MEPs push for tax on aviation fuel
In a controversial move to cut greenhouse gas emissions, kerosene could soon be taxed, if a committee of MEPs have their way.
The Committee on Regional Policy, Transport and Tourism argued in a meeting last week that a kerosene tax should be introduced to lower ‘unsustainable environmental impacts of air transport’, and to encourage the use of more environmentally-friendly means of transport.
Kerosene tax won the overwhelming support of 49 out of 50 Committee members in its report stage on June 21st and will be on the agenda for the plenary session in the early autumn.
“I think we are definitely looking at a tax on airline fuel, probably not this year, but sometime in the near future,” said Ton Huyssoon, Press Spokesman of the Committee.
The Committee’s report cited a huge increase in air traffic, with passenger numbers set to double over the next 15 years in the European Union, as justification for ‘urgently needed’ legislation to combat “a negative impact on the environment which must be limited.”
Caroline Lucas, Green Party member from the UK, said that because air travel emits a far greater amount of greenhouse gases per person than any other mode of transport, a tax should be introduced to counteract
falling prices which “do not reflect the full environmental costs of aviation”, and which are partly blamed for the growth in air traffic volume.
The MEPs hope that price increases resulting from a tax would encourage “a modal shift from short haul air travel to high speed train.” The report provided evidence of rail being a viable alternative to air
travel; 69% of flights within European airspace in 1997 were under 1000km, and 45% were under 500km. In addition to this, The Intergovernmental Panel on Climate Change (IPCC) has suggested that up to 10% of existing short haul flights in the EU could already be
replaced by existing high speed rail links.
The Committee also concluded that the zero-rated VAT on air tickets, kerosene, and new aircraft is not fair “since it distorts competition among transport modes’ and ‘over-stimulates” aviation”.
Lucas’ report did, however, recognise the logistical problems of imposing a tax for all routes departing from the EU, which would require the renegotiation of many thousands of bilateral agreements.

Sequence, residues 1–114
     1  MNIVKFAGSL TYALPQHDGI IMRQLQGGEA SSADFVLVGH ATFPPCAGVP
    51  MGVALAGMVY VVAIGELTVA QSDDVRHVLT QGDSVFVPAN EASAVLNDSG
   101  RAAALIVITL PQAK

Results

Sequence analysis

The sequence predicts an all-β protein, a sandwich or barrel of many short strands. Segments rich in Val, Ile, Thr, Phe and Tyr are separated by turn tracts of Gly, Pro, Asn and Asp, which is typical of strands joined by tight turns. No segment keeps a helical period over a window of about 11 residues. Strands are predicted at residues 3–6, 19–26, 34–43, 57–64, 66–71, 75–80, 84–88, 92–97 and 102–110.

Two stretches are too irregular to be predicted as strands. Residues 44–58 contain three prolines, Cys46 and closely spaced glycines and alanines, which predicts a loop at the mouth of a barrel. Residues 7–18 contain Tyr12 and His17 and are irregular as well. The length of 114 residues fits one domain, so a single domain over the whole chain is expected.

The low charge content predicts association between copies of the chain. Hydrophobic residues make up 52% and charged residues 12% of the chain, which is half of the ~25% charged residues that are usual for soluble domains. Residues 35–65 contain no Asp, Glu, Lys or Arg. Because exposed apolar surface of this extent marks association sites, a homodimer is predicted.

One alternative policy put forward was a Community-wide environmental charge levied on all airlines for the amount of pollutants emitted on all flights starting or arriving at EU airports, with a 50% reduction on international flights from or to the EU.
However, Mr Huysson stressed that the policy preferred by the Committee on Regional Policy, Transport and Tourism is a kerosene tax because “it would probably be far easier to collect.”
The Transport Campaigner for Friends of the Earth, Simon McRay, was encouraged by the result, but emphasised his preference for the polluter-pays principle. “We have supported a tax on kerosene since 1997. However, we believe that more effective than VAT on fuel would be a charge on the level of greenhouse pollution generated, which applies to the emissions charge problem more effectively than tax, which may reduce consumption but not necessarily improve fuel efficiency or pollution,” he said.
Naturally, the aviation industry is strongly opposed to the move: “Aviation is among the highest taxed forms of transport. The airport tax was introduced by the Government in 1994 in lieu of a fuel tax on aviation, and it has been doubled since then.
“Most importantly, there is no evidence that a tax on aviation fuel would deliver significant environmental benefits- it has not worked with cars,.“ a British Airways spokesperson told edie, adding that “any kerosene tax would have to demonstrate a clear environmental benefit in a cost-benefit analysis.”
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